Association between trauma exposure and glucocorticosteroid concentration in hair during pregnancy

Publikation: Beitrag in FachzeitschriftForschungsartikelBeigetragenBegutachtung


  • Nora Clancy Kelsall - , Harvard University (Autor:in)
  • Sixto E. Sanchez - , Universidad de San Martín de Porres, Asociaciòn Civil Proyectos en Salud (Autor:in)
  • Marta B. Rondon - , Instituto Nacional Materno Perinatal (Autor:in)
  • Linda Valeri - , Columbia University (Autor:in)
  • Diana Juvinao-Quintero - , Harvard University (Autor:in)
  • Clemens Kirschbaum - , Professur für Biopsychologie, Technische Universität Dresden (Autor:in)
  • Karestan C. Koenen - , Harvard University (Autor:in)
  • Bizu Gelaye - , Harvard University (Autor:in)


Background: Traumatic events, including child abuse and intimate partner violence, are highly prevalent among women of child-bearing age. These traumatic experiences may impact maternal and offspring physical and mental health. A proposed mechanism for these effects is maternal hypothalamic-pituitary-adrenal (HPA) axis dysregulation which can be measured using hair corticosteroid levels. Aims: This study aims to examine the association of child abuse and intimate partner violence exposure with HPA axis functioning, as measured by hair corticosteroid levels in a cohort of pregnant women. Methods: We included data from 1822 pregnant women (mean gestational age 17 weeks) attending a prenatal clinic in Lima, Peru. We extracted cortisol and cortisone concentrations from hair samples using liquid chromatography-tandem mass spectrometry (LC-MS/MS). Each participant provided 6-cm hair samples: 3 cm hair segment closest to the scalp reflecting HCC in early pregnancy (first three months), and 3–6 cm from the scalp reflecting HCC in pre-pregnancy (three months prior to conception). Multivariable linear regression procedures were used to assess the association between maternal trauma exposure and hair corticosteroid levels. Results: Overall, women who experienced child abuse on average had higher levels of cortisol (p < 0.01) and cortisone (p < 0.0001) after adjustment for age, race, adult access to basic foods and hair treatments. For the hair segment reflecting early pregnancy, presence of child abuse was associated with a 0.120 log unit increase in cortisol and a 0.260 log unit increase in cortisone (p < 0.001). For the hair segment reflecting pre-pregnancy, a history of child abuse was associated with a 0.100 log unit increase in cortisol and a 0.180 log unit increase in cortisone (p < 0.01). Results also suggested an impact of intimate partner violence on HPA regulation; however, associations were not statistically significant after controlling for child abuse. Conclusions: These results underscore the long-lasting impacts of exposure to adversity and trauma during early life. Our study findings will have implications for research investigating HPA axis function and long-term effects of violence on corticosteroid regulation.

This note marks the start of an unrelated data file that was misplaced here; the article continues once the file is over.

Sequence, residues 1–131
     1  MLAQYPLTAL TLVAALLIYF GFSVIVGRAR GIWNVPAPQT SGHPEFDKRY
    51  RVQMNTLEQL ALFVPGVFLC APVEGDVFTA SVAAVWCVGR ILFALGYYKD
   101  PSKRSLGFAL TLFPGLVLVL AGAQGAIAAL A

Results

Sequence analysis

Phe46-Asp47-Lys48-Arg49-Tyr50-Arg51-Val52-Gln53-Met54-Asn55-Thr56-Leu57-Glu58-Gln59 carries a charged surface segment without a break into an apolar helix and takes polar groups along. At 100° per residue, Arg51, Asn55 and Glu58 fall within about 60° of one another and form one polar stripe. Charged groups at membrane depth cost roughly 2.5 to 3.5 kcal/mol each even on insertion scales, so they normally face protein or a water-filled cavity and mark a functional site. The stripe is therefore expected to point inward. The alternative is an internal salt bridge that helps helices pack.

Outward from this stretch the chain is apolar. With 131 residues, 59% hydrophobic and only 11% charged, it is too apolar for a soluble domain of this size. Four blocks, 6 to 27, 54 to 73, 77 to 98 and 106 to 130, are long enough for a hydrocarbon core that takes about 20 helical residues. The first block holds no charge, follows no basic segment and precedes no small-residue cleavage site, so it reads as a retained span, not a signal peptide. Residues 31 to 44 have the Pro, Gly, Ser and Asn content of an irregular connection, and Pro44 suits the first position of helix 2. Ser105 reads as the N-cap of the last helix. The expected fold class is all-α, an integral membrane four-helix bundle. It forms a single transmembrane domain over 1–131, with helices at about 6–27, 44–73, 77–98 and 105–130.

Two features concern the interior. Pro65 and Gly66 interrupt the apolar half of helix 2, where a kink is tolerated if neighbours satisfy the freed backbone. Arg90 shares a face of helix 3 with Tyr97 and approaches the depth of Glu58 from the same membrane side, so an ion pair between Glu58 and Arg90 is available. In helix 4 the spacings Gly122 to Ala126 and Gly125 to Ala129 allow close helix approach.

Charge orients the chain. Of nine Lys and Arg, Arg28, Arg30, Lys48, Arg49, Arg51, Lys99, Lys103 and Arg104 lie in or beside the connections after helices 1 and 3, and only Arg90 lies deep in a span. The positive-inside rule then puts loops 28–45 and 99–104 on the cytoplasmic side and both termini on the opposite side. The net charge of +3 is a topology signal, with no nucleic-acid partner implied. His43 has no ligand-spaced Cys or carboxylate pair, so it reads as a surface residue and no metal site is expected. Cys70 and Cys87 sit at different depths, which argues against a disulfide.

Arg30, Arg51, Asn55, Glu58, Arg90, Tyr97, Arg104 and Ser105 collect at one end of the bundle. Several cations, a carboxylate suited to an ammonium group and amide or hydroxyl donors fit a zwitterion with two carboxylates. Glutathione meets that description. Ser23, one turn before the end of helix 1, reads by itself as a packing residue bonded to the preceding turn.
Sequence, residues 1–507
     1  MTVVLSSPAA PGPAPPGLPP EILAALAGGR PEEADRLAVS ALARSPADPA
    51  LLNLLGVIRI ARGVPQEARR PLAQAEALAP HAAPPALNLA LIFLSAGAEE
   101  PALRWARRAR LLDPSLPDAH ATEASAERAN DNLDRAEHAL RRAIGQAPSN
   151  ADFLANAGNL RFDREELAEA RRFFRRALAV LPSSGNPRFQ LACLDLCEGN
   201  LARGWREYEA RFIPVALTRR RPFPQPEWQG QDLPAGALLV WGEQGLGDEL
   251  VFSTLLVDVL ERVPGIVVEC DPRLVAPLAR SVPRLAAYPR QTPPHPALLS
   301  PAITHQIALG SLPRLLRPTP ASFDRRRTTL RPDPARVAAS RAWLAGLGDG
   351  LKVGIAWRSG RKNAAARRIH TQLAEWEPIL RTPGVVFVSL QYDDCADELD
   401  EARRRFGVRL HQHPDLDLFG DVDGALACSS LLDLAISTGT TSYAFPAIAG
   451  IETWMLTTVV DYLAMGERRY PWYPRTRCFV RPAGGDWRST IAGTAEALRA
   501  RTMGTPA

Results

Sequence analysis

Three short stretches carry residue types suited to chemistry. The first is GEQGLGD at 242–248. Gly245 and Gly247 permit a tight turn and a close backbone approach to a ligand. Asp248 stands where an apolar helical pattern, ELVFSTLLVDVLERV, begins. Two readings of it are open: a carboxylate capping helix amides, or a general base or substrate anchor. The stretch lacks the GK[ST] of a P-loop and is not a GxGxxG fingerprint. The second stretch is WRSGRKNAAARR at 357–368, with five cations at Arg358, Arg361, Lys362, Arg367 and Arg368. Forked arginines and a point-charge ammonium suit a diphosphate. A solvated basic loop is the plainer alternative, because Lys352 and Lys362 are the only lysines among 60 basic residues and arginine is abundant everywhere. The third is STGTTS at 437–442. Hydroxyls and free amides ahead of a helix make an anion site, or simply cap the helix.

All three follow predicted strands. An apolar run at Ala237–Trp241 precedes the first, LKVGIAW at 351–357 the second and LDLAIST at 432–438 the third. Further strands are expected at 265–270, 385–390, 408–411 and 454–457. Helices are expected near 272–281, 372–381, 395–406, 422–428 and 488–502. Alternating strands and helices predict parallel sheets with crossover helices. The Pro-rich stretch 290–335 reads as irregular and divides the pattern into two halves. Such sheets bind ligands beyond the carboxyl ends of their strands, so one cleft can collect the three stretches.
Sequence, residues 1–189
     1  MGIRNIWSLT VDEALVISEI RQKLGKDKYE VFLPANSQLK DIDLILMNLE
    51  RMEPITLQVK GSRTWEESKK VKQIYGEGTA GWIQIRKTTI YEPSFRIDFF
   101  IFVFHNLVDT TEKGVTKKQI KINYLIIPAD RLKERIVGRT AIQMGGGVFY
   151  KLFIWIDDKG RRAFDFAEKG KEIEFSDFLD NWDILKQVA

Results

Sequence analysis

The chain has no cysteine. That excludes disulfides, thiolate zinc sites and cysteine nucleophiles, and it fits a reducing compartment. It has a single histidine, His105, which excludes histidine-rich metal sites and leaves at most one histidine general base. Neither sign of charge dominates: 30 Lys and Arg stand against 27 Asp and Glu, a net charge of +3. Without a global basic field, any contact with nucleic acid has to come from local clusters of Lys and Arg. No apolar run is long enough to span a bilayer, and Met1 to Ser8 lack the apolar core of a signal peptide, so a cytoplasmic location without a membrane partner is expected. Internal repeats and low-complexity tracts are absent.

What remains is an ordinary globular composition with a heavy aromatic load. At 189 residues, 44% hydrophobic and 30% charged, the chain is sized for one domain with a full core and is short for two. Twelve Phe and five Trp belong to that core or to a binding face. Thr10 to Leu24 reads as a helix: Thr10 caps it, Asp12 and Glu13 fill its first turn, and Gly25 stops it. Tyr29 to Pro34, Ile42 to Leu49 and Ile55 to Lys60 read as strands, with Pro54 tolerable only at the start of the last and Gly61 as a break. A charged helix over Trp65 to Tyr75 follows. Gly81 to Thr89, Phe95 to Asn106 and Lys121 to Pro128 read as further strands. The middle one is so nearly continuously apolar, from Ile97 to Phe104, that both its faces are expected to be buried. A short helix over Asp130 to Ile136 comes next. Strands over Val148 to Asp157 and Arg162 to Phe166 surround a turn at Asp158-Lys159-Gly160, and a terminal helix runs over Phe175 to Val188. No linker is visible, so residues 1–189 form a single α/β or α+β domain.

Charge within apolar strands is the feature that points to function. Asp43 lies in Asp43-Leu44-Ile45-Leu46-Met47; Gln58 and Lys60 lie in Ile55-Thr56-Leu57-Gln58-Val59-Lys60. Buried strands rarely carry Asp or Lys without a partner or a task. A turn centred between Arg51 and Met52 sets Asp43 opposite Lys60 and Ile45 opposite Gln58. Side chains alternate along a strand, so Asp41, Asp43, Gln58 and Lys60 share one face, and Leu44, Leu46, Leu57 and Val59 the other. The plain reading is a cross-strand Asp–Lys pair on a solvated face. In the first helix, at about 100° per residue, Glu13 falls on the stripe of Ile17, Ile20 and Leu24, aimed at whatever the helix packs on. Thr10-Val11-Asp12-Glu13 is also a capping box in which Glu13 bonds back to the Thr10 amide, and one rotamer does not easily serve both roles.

PublikationsstatusVeröffentlicht - Mai 2023

Externe IDs

PubMed 36893558



  • Child abuse, Hair cortisol, HCC, HPA axis activity, Intimate partner violence, Stress, Prospective Studies, Humans, Infant, Hydrocortisone/analysis, Liver Neoplasms, Hair/chemistry, Hypothalamo-Hypophyseal System/chemistry, Pregnancy, Tandem Mass Spectrometry, Cortisone/analysis, Chromatography, Liquid, Stress, Psychological, Adult, Female, Carcinoma, Hepatocellular, Pituitary-Adrenal System/chemistry